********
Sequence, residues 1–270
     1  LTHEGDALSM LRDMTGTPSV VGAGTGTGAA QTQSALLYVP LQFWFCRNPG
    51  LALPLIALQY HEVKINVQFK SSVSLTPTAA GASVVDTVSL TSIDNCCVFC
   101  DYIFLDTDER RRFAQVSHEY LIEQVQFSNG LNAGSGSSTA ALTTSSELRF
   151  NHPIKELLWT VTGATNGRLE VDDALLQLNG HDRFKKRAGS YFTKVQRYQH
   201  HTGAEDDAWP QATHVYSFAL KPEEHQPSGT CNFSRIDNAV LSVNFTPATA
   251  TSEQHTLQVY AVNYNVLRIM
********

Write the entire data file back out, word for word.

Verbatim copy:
Sequence, residues 1–270
     1  LTHEGDALSM LRDMTGTPSV VGAGTGTGAA QTQSALLYVP LQFWFCRNPG
    51  LALPLIALQY HEVKINVQFK SSVSLTPTAA GASVVDTVSL TSIDNCCVFC
   101  DYIFLDTDER RRFAQVSHEY LIEQVQFSNG LNAGSGSSTA ALTTSSELRF
   151  NHPIKELLWT VTGATNGRLE VDDALLQLNG HDRFKKRAGS YFTKVQRYQH
   201  HTGAEDDAWP QATHVYSFAL KPEEHQPSGT CNFSRIDNAV LSVNFTPATA
   251  TSEQHTLQVY AVNYNVLRIM